For the past century, Los Angeles and New York City have been home to two of the largest Latino and Sephardic populations in the United States. Interaction between these ethnic groups, therefore, has been inevitable. However, there has been minimal research on the linguistic repercussions that have resulted from contact between these two linguistically similar yet distinct groups. From a sociolinguistic agenda, I explore how Judeo-Spanish speakers in these two metropolises utilize their language and in which domains. Furthermore, my research reveals that, among my informants (n=25), Judeo-Spanish is used as a platform to acquire proficiency in varieties of Modern Spanish.
Aside from conducting sociolinguistic interviews to account for the diglossic distribution among informants, I carry out production as well as perception experiments. These experiments determine which features typically associated with a given variety of language are prone to transference. For the production experiment, informants engaged in conversation with a native speaker of Spanish from either Los Angeles or New York City, representing different varieties of Spanish (Los Angeles Vernacular Spanish and Dominican Spanish, respectively). After reviewing the type of speech produced by the informants, results indicate that informants utilize prepalatals [dʒ], [ʒ], and [ʃ] instead of velar [x] approximately one-third of the time. For the perception experiment, informants listened to real and nonce words in Judeo-Spanish and Modern Spanish and were asked to identify to which language each token pertained or was more likely to pertain. This experiment reveals that, although phonological differences assist the informants in making categorical selections, lexicalization remains the most important property for such categorization. The results of the perception experiment offer insight as to some of the phenomena occurring in the speech production of the informants.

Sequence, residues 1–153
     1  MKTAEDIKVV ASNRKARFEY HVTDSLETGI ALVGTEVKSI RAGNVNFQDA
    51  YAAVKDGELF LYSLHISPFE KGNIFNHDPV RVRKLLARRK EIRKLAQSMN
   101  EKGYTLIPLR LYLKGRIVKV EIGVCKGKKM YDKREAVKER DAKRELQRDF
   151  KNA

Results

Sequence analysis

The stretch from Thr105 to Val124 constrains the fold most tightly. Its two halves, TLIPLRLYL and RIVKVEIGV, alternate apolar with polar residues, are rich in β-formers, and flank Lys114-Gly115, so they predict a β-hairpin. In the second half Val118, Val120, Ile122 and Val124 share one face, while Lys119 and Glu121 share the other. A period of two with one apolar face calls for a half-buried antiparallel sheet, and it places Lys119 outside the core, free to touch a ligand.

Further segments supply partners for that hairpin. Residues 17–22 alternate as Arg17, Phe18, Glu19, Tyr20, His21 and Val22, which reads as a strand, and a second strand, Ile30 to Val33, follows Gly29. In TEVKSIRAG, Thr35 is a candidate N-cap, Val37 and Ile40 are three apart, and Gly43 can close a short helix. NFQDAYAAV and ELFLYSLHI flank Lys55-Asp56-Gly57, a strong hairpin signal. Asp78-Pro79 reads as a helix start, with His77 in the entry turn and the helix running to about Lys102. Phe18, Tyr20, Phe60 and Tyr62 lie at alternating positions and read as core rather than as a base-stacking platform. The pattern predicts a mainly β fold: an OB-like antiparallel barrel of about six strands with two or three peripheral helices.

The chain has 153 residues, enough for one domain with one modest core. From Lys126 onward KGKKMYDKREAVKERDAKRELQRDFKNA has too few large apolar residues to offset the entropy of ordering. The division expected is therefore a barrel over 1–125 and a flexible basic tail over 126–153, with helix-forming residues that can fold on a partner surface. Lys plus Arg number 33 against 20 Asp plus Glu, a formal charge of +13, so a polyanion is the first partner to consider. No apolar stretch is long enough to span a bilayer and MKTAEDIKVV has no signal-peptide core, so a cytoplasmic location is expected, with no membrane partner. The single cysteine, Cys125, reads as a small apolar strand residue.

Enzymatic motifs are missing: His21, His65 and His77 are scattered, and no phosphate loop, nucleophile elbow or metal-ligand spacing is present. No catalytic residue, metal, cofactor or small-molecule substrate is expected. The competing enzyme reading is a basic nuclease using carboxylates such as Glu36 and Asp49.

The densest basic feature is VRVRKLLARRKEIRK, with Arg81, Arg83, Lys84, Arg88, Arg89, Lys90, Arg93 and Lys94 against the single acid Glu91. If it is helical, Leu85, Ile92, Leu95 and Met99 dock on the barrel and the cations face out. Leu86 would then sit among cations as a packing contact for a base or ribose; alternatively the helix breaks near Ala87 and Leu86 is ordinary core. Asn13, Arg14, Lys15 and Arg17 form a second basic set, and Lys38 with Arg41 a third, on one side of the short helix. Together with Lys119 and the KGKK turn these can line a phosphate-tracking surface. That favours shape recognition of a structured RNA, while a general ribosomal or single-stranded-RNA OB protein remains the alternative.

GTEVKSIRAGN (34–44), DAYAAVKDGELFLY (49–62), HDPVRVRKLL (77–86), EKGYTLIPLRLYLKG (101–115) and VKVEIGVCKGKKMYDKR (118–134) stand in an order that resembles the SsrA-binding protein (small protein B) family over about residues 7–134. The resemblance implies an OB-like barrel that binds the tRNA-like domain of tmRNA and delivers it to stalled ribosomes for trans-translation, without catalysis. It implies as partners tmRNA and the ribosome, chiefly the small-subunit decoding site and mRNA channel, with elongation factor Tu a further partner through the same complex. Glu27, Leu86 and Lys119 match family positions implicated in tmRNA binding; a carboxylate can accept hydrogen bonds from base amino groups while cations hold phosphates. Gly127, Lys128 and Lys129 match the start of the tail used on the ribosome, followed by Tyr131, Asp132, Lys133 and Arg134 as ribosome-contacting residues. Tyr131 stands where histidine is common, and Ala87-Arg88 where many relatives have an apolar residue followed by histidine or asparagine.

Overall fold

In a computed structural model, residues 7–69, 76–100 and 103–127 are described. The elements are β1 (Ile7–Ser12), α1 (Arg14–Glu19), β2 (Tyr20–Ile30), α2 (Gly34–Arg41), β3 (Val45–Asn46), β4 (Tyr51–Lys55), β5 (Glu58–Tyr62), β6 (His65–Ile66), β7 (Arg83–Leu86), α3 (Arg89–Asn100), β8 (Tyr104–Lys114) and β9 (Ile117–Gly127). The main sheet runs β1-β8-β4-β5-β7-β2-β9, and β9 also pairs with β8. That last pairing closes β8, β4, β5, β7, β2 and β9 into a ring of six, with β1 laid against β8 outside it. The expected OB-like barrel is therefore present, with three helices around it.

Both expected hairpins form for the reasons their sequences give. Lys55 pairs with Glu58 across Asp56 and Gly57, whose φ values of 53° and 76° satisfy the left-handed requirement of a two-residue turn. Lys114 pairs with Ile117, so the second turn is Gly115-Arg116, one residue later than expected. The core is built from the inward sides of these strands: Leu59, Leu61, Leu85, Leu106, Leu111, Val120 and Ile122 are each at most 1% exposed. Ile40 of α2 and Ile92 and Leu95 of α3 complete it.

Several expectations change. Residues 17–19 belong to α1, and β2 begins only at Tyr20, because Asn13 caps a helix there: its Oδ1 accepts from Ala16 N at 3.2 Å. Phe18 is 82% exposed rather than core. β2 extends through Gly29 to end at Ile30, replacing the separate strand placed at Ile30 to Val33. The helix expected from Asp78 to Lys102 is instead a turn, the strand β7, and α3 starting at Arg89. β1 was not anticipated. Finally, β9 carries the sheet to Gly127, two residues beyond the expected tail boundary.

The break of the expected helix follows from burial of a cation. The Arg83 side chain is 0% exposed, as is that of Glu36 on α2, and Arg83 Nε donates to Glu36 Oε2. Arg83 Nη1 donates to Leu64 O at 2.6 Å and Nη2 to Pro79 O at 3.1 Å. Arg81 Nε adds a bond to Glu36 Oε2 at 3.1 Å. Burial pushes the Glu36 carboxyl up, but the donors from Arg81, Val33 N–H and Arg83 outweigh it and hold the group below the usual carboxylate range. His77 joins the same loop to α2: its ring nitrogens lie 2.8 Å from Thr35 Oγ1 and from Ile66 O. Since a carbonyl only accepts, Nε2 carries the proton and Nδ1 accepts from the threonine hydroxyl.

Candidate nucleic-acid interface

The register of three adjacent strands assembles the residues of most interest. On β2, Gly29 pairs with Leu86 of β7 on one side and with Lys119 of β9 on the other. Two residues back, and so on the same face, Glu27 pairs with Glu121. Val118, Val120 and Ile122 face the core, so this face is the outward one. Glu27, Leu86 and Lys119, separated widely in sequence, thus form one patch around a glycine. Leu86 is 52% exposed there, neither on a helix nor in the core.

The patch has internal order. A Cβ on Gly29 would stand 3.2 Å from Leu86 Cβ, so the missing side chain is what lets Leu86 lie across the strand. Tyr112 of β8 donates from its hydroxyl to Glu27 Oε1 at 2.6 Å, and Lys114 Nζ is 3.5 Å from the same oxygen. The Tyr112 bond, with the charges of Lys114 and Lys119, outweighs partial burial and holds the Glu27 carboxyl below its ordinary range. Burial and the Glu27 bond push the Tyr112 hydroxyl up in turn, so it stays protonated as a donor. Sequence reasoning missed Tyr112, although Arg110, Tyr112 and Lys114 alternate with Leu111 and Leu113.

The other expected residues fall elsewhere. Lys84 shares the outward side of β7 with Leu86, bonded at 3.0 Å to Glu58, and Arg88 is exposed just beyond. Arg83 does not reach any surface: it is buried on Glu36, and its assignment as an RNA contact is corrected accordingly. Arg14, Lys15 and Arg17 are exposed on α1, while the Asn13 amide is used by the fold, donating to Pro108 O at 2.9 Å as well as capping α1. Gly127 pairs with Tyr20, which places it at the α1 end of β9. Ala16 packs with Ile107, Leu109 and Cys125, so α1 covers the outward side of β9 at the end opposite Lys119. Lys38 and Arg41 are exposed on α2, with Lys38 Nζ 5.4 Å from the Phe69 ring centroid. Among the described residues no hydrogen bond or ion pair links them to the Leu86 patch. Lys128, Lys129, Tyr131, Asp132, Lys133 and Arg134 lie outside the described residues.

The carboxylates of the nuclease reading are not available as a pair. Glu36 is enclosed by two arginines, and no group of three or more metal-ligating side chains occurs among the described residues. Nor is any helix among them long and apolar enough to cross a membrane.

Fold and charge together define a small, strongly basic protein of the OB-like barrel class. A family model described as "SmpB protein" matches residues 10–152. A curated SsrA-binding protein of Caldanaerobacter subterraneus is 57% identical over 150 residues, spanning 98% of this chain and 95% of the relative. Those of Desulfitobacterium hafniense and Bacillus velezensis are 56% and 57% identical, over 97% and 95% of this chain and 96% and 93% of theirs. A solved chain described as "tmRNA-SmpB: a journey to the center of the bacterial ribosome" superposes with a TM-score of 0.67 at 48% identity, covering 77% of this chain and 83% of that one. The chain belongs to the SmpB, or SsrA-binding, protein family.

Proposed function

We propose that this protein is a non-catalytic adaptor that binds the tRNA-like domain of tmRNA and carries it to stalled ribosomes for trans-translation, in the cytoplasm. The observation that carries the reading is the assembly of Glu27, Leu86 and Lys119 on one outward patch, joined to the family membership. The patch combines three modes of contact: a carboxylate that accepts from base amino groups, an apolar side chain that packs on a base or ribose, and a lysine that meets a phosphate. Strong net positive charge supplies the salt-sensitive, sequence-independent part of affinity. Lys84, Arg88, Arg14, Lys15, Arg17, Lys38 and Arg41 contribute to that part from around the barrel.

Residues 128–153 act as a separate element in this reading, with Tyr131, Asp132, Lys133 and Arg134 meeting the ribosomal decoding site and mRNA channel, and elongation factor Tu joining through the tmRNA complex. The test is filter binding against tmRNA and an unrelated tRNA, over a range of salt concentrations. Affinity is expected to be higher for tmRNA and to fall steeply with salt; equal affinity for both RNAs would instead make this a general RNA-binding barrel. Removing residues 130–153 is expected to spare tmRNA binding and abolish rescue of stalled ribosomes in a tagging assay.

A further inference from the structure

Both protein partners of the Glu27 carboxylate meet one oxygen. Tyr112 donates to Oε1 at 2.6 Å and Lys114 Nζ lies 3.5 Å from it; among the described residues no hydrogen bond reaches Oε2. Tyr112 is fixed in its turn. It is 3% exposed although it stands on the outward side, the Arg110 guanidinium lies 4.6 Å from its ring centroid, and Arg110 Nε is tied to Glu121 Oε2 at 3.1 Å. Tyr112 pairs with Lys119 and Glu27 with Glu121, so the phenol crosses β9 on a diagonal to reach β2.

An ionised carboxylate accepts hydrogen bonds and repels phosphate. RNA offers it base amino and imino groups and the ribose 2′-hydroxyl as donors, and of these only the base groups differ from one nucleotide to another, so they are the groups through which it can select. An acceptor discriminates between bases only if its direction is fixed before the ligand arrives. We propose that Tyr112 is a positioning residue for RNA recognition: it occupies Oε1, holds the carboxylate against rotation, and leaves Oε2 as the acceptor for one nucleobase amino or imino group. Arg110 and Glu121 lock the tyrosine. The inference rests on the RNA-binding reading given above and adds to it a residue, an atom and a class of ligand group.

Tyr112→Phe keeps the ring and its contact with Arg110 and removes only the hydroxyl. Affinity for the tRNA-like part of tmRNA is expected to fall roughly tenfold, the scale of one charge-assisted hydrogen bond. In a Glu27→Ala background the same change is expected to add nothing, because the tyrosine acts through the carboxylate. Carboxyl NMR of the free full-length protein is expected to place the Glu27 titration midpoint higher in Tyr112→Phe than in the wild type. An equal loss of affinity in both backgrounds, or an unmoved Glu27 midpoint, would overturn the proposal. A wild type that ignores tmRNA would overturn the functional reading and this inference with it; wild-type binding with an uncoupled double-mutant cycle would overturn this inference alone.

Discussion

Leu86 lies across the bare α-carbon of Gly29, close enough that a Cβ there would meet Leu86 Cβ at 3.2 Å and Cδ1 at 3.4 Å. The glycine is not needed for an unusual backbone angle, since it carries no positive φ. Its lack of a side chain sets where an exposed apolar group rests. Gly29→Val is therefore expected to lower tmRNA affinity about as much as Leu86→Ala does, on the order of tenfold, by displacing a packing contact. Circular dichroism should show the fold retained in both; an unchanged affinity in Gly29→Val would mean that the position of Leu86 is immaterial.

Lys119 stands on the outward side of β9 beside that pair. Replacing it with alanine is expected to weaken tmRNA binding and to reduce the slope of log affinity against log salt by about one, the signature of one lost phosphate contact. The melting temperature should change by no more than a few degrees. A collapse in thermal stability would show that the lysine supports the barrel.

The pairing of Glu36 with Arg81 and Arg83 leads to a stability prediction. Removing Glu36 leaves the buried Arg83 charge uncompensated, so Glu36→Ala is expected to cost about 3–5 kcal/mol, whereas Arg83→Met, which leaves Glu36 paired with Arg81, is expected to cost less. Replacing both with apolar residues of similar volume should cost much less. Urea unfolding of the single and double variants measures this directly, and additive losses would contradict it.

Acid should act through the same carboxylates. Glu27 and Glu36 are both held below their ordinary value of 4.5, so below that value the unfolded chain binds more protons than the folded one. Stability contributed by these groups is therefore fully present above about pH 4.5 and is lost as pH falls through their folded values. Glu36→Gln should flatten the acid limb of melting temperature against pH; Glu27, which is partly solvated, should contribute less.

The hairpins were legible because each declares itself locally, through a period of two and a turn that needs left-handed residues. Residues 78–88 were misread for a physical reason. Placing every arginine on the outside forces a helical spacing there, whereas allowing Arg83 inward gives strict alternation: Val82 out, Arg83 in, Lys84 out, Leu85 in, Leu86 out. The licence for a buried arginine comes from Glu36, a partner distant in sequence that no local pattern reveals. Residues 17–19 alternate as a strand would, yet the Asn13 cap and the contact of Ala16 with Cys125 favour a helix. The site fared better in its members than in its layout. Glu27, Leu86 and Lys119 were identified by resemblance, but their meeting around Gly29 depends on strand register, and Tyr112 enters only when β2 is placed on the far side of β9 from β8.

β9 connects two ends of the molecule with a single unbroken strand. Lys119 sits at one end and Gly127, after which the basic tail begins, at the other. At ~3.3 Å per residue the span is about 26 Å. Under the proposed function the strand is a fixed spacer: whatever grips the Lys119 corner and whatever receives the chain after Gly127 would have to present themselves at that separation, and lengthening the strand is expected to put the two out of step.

Collectively, the results from these experiments reveal how Judeo-Spanish-speaking Sephardim utilize their language. Exploring theories of diglossia and accommodation demonstrate how informants position themselves in front of another speaker of Judeo-Spanish or Modern Spanish. As informants are often metalinguistically cognizant of the source languages of Judeo-Spanish, lexicalization allows them to determine which features to transfer between languages.